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Demo 1: Getting standard cosmological theory functions for a single cosmology

This demo will calculate standard cosmological distances, and matter and cmb power spectra using the cosmological parameters given in the values1.ini file.

Running

After installing CosmoSIS, go to your cosmosis directory and set up the cosmosis environment if you haven't already:

cd <path to cosmosis>
source config/setup-cosmosis

then run demo 1

cosmosis demos/demo1.ini

You should see some output from CAMB. A directory will now exist called demo_output_1, containing basic cosmology data, like CMB spectra, matter power, and cosmological parameters. You can make plots of them. To do this you need to have the matplotlib package installed. This is automatically installed by the CosmoSIS auto-installer, so you can run from the cosmosis source directory:

postprocess demos/demo1.ini -o plots -p demo1

[In development] or more simply

postprocess demos/demo1.pp.ini

(If you have installed matplotlib yourself then open a new shell_session and use your own version.) If this doesn't work and you have installed R, you can instead run:

 ./cosmosis/plotting/cosmology_theory_plots.r demo_output_1 -o plots -p demo1

You will now have a collection of .png plots in the plots directory showing CMB and matter power spectra, and distances as a function of redshift:

> ls plots
README
demo1_angular_distance.png
demo1_bb.png
demo1_comoving_distance.png
demo1_distance_modulus.png
demo1_ee.png
demo1_grand.png
demo1_hubble.png
demo1_luminosity_distance.png
demo1_matter_power.png
demo1_te.png
demo1_tt.png

(Some of the filenames are different if you have used the R script.)

For example, the demo1_matter_power.png should look like this: demo1_matter_power.png

Understanding

Have a look at the file demos/demo1.ini.

It starts with the runtime option:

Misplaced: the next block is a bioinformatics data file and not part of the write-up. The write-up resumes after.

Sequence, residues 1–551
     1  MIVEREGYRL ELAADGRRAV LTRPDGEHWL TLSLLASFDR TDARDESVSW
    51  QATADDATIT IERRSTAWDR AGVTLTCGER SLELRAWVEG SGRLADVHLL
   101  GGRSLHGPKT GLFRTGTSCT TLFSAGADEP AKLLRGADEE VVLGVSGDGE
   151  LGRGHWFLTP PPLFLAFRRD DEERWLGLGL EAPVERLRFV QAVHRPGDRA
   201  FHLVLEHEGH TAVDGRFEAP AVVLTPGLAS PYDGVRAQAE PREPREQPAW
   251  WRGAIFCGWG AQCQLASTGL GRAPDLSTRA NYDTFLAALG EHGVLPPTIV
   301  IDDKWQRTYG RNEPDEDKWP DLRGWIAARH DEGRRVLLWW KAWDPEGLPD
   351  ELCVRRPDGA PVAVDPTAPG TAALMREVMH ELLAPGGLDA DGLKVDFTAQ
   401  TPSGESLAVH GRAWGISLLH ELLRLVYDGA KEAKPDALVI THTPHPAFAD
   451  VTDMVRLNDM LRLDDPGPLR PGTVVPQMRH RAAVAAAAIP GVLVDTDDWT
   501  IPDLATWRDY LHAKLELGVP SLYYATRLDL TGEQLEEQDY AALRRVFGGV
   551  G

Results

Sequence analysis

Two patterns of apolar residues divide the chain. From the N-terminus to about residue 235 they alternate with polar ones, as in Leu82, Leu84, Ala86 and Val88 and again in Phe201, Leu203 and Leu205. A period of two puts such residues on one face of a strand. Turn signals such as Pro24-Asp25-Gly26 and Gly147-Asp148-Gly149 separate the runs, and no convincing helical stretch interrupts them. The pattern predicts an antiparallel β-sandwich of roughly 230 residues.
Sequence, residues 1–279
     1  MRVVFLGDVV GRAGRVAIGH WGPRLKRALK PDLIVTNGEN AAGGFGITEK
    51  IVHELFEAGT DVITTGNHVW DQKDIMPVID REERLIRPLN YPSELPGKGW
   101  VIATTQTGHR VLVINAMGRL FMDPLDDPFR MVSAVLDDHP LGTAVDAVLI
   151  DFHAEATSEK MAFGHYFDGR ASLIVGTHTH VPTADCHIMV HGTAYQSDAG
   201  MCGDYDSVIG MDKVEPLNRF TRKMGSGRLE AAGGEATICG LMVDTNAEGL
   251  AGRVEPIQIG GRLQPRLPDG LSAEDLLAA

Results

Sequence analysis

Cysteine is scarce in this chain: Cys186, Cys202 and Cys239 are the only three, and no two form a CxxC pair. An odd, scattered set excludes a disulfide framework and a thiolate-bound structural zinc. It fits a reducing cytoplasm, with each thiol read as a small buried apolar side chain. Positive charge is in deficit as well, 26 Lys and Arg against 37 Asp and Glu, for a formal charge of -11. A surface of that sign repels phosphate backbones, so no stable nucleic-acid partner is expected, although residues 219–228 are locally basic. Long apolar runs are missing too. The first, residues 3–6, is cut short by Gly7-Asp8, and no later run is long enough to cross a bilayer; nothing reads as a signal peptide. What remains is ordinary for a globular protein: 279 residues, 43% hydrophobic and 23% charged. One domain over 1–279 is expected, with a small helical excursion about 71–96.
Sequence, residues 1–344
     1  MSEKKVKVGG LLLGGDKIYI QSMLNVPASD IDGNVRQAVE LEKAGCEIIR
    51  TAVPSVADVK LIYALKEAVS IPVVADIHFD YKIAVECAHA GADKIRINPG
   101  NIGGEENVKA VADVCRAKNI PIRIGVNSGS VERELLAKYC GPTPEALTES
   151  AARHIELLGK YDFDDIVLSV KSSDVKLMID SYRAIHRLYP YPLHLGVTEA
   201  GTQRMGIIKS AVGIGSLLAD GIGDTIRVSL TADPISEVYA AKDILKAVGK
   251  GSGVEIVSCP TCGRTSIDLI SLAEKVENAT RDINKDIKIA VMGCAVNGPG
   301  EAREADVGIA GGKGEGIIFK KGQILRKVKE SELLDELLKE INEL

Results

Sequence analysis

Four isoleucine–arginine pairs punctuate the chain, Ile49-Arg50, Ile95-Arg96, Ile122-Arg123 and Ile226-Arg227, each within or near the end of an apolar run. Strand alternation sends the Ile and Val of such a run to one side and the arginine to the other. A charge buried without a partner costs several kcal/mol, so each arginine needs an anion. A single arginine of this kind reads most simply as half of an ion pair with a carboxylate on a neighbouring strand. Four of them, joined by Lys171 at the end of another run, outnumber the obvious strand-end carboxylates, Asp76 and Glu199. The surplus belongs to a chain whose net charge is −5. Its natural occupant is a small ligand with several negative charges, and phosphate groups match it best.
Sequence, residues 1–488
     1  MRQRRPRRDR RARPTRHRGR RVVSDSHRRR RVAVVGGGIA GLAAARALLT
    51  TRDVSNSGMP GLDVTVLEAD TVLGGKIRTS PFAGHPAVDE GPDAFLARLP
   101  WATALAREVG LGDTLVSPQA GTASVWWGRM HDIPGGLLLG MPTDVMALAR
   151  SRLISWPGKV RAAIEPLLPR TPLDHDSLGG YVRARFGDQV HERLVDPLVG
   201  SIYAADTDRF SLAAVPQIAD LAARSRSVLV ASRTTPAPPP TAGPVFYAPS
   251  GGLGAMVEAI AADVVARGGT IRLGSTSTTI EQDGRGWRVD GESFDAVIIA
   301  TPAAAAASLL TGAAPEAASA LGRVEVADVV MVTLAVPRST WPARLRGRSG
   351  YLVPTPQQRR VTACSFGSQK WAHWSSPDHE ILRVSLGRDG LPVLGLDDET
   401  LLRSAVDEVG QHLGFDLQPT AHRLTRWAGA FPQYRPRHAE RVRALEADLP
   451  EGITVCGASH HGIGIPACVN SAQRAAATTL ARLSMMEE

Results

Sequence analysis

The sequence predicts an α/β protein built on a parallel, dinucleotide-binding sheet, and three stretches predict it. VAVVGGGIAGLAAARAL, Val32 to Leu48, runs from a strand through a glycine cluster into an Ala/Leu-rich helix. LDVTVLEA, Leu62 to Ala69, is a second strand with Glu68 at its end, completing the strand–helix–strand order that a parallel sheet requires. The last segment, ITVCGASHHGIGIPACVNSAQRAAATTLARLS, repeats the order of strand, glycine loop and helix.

[runtime]
; The test sampler just runs a single parameter set
sampler = test

This tells cosmoSIS what to do after, as we will see, the different modules have run. As the name of the option suggest the results of the modules can be passed to an actual sampler like PyMC or emcee. In this demo we just want to test our pipeline so we choose the simpler sampler, sampler = test.

The next thing to do is to set the options of our sampler. When we will use actual sampler we will see more interesting options. Right know our sampler test just receive the results from the modules and save them. So we just need to tell it where to do that with:

[test]
; These are the parameters for this sampler.
; In this case there is just one parameter
save_dir=demo_output_1

As we mentioned earlier CosmoSIS is based on modules. Each module is a single piece of code that does a calculation, taking some inputs from previous modules and saving some outputs for later.

The list of modules is shown in the pipeline section:

[pipeline]
; The list of modules to be run, in this order.
; The modules named here must appear as sections below
modules = consistency camb halofit

We first ran "consistency", a handy module for the start of pipelines that generates the simpler derived parameters, like omega_c from omega_m and omega_b.

We then ran a CAMB module, to do the main cosmology calculations, and a halofit module, to compute non-linear power. In later demos we will see some other CosmoSIS modules we can add here.

The inputs to the pipeline are some parameters to specify the cosmology. Those parameters are in the file given by this part of the pipeline section:

; The file to get cosmological and nuisance parameters
; from.
values = demos/values1.ini

This tells cosmosis about another file where the parameters are found.
Have a look in the file demos/values1.ini.

Parameters and data in CosmoSIS are organized into sections. There is only one section in this case, called cosmological_parameters. And the parameters are specified here, for example like this:

omega_m = 0.3
h0 = 0.72
omega_b = 0.04

At the moment we are just specifying a single value for each parameter. Later we will see how to set a range of parameters to be sampled over.

Internally, the CAMB module asked for the values of the parameters that it needed, and they were found from here. CAMB then computed some things and added them to the collection of saved data, so that the next module, halofit, could look at them too.

Halofit read its input parameters and data and added its own new data, the non-linear power spectrum.

The resulting data are passed to the sampler, in this case test, that just save them.

Updated